They also have a Telegram channel names ‘Keluarga Cendana’. “They are connected with other groups with similar ideologies,” Dwiasi said. According to him, Anarko supporters created the accounts as a ‘resistance strategy’ and to incite a ‘structured, systematic and massive’ rally.
Dwiasi said the group plans to agitate the public, turning them against the government. “Most of them took part in the mass rally at the DPR (House of Representatives) some time ago,” he said.
However, Shaleh Al Ghifari said that the police are exaggerating their narrative about Anarko. He said the three young men do not have the skill to mobilize the masses. They made the graffiti, he said, as a way to express their disappointment as young adults, not an invitation to cause riots.
In Malang, East Java, the police arrested Ahmad Fitron Fernanda, M. Alfian Aris Subakti, and Saka Ridho for spray-painting walls is Malang with the words “Tegalrejo Fights Back.” Their act of vandalism branded them as members of Anarko.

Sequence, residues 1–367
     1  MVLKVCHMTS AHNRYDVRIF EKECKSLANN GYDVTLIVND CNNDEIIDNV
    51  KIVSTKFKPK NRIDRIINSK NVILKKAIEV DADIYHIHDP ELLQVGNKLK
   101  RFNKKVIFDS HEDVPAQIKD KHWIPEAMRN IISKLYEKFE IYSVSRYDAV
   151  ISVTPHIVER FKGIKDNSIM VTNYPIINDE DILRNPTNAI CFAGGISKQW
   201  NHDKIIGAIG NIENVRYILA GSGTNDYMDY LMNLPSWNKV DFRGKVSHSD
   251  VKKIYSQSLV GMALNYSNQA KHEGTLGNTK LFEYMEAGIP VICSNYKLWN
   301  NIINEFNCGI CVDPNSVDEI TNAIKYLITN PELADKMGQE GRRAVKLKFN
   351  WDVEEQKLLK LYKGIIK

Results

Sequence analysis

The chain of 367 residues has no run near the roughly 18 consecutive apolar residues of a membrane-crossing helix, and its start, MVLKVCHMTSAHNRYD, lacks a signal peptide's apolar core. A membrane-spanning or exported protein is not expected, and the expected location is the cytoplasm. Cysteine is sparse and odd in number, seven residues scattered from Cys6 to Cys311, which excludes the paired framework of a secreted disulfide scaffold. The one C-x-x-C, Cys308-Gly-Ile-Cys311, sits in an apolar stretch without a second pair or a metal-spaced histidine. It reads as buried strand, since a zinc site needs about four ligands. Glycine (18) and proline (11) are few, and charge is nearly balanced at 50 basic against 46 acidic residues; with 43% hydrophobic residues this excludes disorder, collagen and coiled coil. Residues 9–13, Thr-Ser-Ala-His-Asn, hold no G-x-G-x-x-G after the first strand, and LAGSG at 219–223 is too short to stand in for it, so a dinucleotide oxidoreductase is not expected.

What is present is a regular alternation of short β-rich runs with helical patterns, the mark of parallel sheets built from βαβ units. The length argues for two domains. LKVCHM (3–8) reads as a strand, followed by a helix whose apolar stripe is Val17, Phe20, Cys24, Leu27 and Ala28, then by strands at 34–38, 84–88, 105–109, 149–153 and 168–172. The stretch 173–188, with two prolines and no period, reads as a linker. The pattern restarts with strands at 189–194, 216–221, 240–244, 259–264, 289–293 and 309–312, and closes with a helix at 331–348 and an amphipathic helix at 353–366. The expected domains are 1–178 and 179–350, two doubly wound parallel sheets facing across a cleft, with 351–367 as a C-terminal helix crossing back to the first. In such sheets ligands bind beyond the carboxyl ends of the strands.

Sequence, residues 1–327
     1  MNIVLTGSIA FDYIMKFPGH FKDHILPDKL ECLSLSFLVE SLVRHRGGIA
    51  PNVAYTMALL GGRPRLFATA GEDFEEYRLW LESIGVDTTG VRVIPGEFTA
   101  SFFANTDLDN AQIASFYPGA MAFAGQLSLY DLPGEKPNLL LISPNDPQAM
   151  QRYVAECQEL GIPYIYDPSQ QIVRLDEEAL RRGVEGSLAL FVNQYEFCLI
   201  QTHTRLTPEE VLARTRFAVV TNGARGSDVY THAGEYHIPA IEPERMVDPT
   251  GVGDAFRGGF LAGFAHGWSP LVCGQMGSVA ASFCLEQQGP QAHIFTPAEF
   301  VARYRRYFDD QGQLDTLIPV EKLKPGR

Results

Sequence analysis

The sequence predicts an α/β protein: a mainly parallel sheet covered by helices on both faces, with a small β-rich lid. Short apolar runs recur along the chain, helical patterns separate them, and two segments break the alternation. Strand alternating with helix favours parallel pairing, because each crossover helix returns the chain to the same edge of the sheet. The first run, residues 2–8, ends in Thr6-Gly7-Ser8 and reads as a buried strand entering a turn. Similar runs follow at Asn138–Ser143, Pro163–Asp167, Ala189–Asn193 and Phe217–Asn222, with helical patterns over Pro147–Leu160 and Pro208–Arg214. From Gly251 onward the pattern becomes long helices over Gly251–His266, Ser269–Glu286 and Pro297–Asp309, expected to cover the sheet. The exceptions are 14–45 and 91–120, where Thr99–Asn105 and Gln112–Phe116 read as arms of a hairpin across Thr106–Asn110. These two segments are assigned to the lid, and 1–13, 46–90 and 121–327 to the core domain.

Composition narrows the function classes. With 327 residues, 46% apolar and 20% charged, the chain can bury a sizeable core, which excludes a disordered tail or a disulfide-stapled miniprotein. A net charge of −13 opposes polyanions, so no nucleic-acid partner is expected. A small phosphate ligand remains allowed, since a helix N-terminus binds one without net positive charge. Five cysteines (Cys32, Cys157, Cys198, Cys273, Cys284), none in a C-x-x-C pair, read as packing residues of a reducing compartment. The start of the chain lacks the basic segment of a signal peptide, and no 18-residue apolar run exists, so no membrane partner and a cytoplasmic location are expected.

Pius Lout Alubwaman./Special Phtoto
National Police Chief of Public Information Sr. Comsr. Asep Adi Saputra said these young men are arrested for inciting riots. “We are criminalizing them for provoking and promoting riots. How they do it is also an act of vandalizing public facility,” he said.
Fitron, Alfian, and Ridho are university students and supporters of the Kamisan Act in Malang. Kamisan Malang activist Dinda Ayu does not believe the police’s suspicions. She said that the phrase “Tegalrejo Fights Back” is a campaign for political advocacy for the land conflict between the residents of Tegalrejo with state-owned Perkebunan Nusantara XII. “It is a huge mistake to think that the phrase ‘Tegalrejo Fights Back’ is part of ‘Anarko Sindikalis’,” she said.
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NOT only in graffiti, calls for riots are also coming from the WhatsApp account of Ravio Patra Asri, a social media activist and observer of public policy, on April 23. While the police have arrested the people who spray-painted walls, they still do not know who sent the WhatsApp message using Ravio’s account, as Ravio said his WhatsApp was hacked.
Ravio claimed he did not know that his number was used to broadcast a call for a mass riot on April 30. The message was sent to numbers that were not even in his contact list. Ravio was arrested, but later released and named as a witness. Together with the Coalition to Reject Criminalization and Case Engineering (Katrok), Ravio is now looking for evidence that his WhatsApp account was hacked.